New Review Raises Doubts about Exact Benefits of Mammograms
Mammograms are recommended for women over the age of 50 and for women at risk of developing breast cancer. Even though mammograms are preventive measures, several studies have examined the effectiveness of undergoing yearly ones. In a new and large review, researchers once again raised doubts about the necessity of annual mammograms. The researchers concluded that the benefits of mammograms for women in their 40s are often overstated.
In this study, the researcher examined 50 years of data conducted on the effectiveness of mammograms. In the past, women were recommended to get one mammogram every one to two years once they reach 40-years-old. In 2009, the U.S. Preventive Services Task Force (USPSTF) revised that recommendation so that mammograms are performed every two years after women turn 50. These changes came after more evidence suggested that mammograms could result in "overdiagnosis" for women in their 40s.
The new review concluded that even though mammograms can save lives, for women in their 40s, the benefits are very small. In this age group, mammograms were able to reduce the risk of death from breast cancer by an average of 15 percent. Even though there is a reduction in mortality risk, the researchers found that the risks of screening might actually outweigh the benefits.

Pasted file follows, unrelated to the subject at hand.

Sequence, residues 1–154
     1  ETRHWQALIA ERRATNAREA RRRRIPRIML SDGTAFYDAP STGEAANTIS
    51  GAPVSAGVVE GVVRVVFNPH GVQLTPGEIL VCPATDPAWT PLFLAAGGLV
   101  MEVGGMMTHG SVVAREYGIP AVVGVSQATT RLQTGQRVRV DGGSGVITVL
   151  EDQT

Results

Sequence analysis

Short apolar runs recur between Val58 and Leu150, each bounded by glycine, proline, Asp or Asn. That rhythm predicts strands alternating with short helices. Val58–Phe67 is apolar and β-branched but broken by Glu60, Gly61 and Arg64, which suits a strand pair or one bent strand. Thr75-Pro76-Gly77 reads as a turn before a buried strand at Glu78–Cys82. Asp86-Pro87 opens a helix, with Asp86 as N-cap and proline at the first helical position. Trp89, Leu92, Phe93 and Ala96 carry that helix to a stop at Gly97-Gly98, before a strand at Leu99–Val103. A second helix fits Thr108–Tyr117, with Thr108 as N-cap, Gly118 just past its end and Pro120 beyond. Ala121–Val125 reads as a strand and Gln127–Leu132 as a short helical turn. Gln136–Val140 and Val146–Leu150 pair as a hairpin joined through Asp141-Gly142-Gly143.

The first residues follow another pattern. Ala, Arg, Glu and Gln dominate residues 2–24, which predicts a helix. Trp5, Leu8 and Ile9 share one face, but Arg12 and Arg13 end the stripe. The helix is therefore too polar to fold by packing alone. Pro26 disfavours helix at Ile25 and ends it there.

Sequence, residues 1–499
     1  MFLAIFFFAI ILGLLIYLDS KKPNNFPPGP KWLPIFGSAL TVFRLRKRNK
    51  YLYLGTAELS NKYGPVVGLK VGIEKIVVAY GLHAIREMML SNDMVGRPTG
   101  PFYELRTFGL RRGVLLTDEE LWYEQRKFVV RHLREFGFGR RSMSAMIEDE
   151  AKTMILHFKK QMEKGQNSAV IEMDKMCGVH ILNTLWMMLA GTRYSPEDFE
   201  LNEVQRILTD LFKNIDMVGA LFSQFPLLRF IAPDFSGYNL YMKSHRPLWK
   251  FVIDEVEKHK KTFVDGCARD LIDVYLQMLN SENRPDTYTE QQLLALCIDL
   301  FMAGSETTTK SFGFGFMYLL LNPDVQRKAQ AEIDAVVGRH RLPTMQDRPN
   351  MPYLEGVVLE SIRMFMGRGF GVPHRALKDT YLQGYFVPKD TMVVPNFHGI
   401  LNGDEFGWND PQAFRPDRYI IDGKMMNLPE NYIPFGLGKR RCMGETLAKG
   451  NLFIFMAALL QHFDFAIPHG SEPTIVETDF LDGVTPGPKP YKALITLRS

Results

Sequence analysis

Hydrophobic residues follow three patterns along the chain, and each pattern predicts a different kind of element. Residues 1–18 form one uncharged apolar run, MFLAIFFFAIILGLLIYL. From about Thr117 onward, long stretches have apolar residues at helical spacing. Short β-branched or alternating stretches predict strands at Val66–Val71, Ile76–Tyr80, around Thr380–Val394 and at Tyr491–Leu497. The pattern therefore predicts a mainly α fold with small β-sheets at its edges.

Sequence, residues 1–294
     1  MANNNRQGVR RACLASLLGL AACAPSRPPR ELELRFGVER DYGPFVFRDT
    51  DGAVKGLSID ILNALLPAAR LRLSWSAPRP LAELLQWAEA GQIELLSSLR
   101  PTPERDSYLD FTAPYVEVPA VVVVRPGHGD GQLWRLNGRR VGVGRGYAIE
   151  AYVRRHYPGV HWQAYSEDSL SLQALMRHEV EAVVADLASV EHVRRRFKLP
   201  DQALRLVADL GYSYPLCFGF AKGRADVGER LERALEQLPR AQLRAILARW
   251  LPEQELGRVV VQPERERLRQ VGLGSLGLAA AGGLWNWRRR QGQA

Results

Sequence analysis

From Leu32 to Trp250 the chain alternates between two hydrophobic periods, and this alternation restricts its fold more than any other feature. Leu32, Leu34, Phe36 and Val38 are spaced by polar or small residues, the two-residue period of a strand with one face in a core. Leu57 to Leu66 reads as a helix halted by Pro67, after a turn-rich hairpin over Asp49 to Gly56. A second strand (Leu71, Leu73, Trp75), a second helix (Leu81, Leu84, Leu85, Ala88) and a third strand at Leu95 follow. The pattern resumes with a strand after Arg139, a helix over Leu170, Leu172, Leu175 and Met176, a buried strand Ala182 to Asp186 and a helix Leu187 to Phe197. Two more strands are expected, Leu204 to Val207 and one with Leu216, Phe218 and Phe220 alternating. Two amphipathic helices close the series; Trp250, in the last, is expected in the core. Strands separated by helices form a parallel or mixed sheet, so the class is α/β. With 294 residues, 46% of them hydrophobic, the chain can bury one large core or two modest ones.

The greatest risk for women in their 40s was overdiagnosis, which occurs when women get diagnosed with tumors that might never end up threatening their lives. Instead of leaving these tumors alone, the women have to go through unnecessary surgery, chemotherapy and radiation. Even though counting the number of overdiagnosis cases is difficult, the team estimated that roughly 19 percent of the cancer cases over 10 years of screening are most likely overdiagnoses.
"We have no way of knowing which patients will progress. So we have to treat everyone we diagnose," said review co-author, Dr. Nancy Keating, of Harvard Medical School and Brigham & Women's Hospital in Boston reported by Philly. "We think mammography has a benefit...but it's smaller than many people believe. And the risk of overdiagnosis, in particular, has not received a lot of attention."
Dr. Keating added, according to the Wall Street Journal, "There isn't a one-size-fits-all on mammograms. I have a lot of patients who say, 'I'm comfortable waiting.'"
The review was published in the Journal of the American Medical Association (JAMA).